I have a complicated question to ask so I will try my best to be clear.

I have this binary I am trying to reverse that came with a pdb file. I have dumped the compilands of the binary to begin with.

I want to reproduce the source code of the binary as close to the original as possible so I see in the first compiland that somefile.obj(let's call it that) consists of ../file_path/somefile.cpp and ../compile_path/xlocale

I then dumped the line numbers for somefile.cpp and using ida pro as my disassembler and hex-rays decompiler as a guide.

From the source lines, hex-rays and some manual work I have managed to recreate somefile.cpp to the point that it's diasassembly is identical to the original file's one.

The somefile.cpp consists of an empty constructor and destructor and a few function implementations.

My problem is, the dumped compiland does not show a somefile.h as part of the object but the functions in somefile.cpp are methods of a somefile class (I got the entire class definition from the pdb). I can always create my own header file and put the class definition in there but that's not the purpose.

So, my question is: where does the original somefile.cpp get the class definition from? Is there a way I can get such information at all, or do I have to guess?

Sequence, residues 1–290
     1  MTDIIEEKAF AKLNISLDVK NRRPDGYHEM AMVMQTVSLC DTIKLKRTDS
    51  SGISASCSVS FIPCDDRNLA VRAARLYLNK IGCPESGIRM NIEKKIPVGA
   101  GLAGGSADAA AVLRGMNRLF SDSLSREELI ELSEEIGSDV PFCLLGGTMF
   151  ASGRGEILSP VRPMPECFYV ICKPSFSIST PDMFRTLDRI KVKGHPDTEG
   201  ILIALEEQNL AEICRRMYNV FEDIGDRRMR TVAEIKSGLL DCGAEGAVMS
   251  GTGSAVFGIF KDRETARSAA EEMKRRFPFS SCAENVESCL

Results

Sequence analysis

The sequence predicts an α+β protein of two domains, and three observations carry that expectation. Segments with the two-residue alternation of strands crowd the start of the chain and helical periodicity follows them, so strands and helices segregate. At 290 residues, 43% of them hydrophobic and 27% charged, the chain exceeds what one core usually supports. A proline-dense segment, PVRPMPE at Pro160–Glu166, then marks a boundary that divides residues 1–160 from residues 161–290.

I am very sorry for the long text.


Depending on the original source, the class definition could be entirely in the header file. Class definitions are no longer useful in object files as the compiler already knows how fields and methods are laid out.

You have to guess the original definition. Keep in mind that you already have guessed a lot when reverting via hex-rey as C++ allows preprocessing, templating and macro expansion. This means that the types you are using are of the correct size, but have lost their semantic meaning that in the original source code they might have: e.g. custom typedefs are usually lost.

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  • Thank you for your answer. I guess my question was not well phrased. I know generally what the case is with class definitions, however the compilands dump does not show any header files used in compilation. So my question is int his specific example where was the class defined? If it was defined in the cpp file itself, wouldn't that be apparent in the line numbers dump? Or are these lines ignored? Thanks again! – ilias kavalis Jan 4 at 22:37
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    Well, Header files are usually "definition" files and may be get lost during the translation into object files. I say "may" because I saw certain compilers completely omitting class data and netadata (in those cases rtti was not explicitly available). To my knowledge they can be simply omitted, and since you can step/break into assembly code only, your line numbers will refer to the portion of executable code, even if you write a class with method data into an header file. The hope to be a little bit clearer.. – Yennefer Jan 5 at 15:55

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